In an attempt to generate more employment in country, the Technical Education and Skills Development Authority (Tesda) is tapping the power of information technology by putting its 255 training programs online.
Last July 27, the agency unveiled before members of the media its long-term plans that are geared towards combating poverty by generating jobs for the country’s marginalized sector.
Tesda director-general Guiling “Gene” Mamondiong said the agency is targeting the sectors that have little or no access to government services.
If the youth, the poor, the indigenous people (IP), and others cannot get technical vocational education and training (TVET) because inaccessibility, then the TVET will be brought to them online, the new Tesda chief said.
“We will seek out those who have been neglected and have experienced little or no attention from the government, introduce them to skills training, and help them realize their potential to be productive members of society,” said Mamondiong, one of the founders of the Christian Muslim Democrats (CMD) Party in the 1990s.
The agency plans to implement its agenda via a twin approach of ?TVET for Global Competitiveness and TVET for Social Equity.?
The Tesda chief stressed that the agency will not slow down on its other technical vocational (tech-voc) initiatives.
“We have our industry-led and widely recognized programs and services which we will continue to offer and advocate. On the other hand, we will make more of these services available to those who need them the most,” Mamondiong assured.
The country has over 4,000 tech-voc institutions (TVIs) across the country providing training under Tesda’s close supervision.
Aside from the TVIs, the agency also plans to bolster its training efforts through approaches such as community-based training, expanded scholarships, Mobile Training Program, Tesda Online Program (TOP), Barangay Empowerment thru TVET, Compact Mobile Units (CMUs), and Onsite Training and Assessment.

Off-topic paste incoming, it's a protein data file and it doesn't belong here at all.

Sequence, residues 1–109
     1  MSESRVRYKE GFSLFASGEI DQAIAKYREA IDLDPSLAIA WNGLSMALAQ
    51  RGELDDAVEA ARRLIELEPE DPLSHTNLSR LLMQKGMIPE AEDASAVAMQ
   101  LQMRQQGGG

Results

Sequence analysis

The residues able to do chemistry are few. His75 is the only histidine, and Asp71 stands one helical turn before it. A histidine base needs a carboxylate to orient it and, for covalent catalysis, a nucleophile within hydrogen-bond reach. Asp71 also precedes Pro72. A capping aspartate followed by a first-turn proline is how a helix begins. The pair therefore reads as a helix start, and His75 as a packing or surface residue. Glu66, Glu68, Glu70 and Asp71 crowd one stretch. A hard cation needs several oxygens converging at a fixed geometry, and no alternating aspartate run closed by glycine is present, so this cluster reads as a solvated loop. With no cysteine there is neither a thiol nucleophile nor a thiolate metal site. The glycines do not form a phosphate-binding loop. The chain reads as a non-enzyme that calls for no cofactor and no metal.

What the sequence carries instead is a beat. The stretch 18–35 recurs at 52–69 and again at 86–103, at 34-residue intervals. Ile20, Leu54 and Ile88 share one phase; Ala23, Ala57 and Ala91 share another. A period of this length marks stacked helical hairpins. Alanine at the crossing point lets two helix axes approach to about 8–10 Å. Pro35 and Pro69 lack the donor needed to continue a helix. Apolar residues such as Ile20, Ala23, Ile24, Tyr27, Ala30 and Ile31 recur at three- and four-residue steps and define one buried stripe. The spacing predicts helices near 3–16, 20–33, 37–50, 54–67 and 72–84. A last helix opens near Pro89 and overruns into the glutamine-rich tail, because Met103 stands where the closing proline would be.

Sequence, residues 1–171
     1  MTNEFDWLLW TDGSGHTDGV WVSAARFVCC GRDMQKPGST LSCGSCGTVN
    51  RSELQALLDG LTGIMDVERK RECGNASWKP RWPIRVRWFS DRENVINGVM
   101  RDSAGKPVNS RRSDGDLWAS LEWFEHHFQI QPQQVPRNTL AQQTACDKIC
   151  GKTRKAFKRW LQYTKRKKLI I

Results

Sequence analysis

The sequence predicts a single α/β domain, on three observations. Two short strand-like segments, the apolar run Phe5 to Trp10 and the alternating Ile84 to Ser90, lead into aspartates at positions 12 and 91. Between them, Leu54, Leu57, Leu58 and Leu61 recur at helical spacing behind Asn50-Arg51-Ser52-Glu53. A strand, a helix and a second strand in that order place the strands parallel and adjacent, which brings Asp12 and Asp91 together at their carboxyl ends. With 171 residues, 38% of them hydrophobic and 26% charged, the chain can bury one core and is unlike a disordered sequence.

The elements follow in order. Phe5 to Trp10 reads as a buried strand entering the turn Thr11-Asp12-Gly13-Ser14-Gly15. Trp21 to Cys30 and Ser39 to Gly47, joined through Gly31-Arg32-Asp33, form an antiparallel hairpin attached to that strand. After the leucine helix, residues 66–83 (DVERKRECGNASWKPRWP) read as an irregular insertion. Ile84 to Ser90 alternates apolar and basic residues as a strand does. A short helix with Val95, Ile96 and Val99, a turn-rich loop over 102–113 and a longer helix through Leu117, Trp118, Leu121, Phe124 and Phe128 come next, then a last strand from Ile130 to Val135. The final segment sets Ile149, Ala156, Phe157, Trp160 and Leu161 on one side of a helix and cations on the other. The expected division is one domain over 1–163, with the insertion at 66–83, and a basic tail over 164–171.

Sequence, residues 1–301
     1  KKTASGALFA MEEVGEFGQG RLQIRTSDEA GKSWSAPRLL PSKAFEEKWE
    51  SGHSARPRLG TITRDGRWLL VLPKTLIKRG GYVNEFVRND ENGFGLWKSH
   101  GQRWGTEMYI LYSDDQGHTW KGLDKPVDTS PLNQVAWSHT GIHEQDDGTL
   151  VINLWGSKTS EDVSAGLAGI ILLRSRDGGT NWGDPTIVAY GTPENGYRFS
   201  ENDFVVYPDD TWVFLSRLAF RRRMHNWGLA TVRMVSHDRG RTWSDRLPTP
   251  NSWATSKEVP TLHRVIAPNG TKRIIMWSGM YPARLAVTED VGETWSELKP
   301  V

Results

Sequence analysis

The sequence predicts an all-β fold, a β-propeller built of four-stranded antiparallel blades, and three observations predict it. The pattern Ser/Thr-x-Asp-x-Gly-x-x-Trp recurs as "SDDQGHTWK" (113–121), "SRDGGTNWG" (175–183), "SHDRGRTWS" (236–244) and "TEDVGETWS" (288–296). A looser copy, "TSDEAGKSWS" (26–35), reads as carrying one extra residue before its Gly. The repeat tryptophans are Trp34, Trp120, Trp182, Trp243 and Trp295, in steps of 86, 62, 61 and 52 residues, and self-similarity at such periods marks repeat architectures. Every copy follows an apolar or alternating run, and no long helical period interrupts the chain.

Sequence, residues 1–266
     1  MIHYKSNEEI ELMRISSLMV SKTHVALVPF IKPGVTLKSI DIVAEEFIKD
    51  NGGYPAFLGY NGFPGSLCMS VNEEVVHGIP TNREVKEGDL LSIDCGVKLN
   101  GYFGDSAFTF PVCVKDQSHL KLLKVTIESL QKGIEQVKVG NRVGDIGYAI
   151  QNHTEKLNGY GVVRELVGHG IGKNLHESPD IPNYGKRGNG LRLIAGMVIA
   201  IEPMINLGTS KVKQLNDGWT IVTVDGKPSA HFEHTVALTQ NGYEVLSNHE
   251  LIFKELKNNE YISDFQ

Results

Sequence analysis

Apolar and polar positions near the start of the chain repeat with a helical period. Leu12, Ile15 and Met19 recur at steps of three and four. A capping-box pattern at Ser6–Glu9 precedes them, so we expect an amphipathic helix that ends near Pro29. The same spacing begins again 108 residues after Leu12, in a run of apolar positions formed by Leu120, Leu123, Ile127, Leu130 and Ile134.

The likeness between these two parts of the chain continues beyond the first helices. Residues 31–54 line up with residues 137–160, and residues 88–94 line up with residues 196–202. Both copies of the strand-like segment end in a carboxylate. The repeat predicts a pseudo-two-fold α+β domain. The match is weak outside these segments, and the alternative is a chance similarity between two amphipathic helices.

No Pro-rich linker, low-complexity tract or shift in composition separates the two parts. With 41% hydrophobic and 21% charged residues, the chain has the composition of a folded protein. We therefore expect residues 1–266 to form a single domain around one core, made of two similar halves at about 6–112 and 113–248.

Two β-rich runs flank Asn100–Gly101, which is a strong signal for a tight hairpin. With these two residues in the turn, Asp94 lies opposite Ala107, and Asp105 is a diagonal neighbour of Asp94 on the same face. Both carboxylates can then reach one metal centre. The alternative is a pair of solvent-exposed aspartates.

Rosanna A. Urdaneta, Tesda deputy director general for policies and planning, said they are leaving no stone unturned to let people access more free TVET courses through the TOP portal to strengthen the use of IT.
“We want to improve the accessibility of the people and we want to expand the online programs. So, that is one of the aspects we are looking into today that is being developed,” she said.
She said Tesda will go into every area of IT already covered by their 255 training regulations. “If we can develop online programs for our 255 training regulations, that would be better because it can be accessed for free (by everyone wherever they are),” said Urdaneta.
Meanwhile, Mamondiong revealed Tesda’s 12-point reform and development agenda, which includes the establishment of online scholarship application.
The new Tesda said the strategy would serve as the framework on which programs designed specifically for expanded access to TVET by the identified groups would be implemented.
Mamondiong said the implementation of the 12-point agenda would require “very close coordination relevant government agencies.” He said these are the Department of Social Work and Development (DSWD), Department of Agriculture (DA), Philippine National Police (PNP), LGUs, social organizations, and private training centers.
“Expect to see more and more of us in the coming days because through TVET, we plan to reach even the most isolated communities in the archipelago,” said Mamondiong.
Tesda executive director for planning office Marissa G. Legaspi said the agency plans to reach out to the country’s 42,000 barangays to distribute scholarship vouchers to residents.
She said they are now coordinating with barangay chairmen (village leaders) for them to help determine the poorest among the residents, the priority for the scholarship vouchers.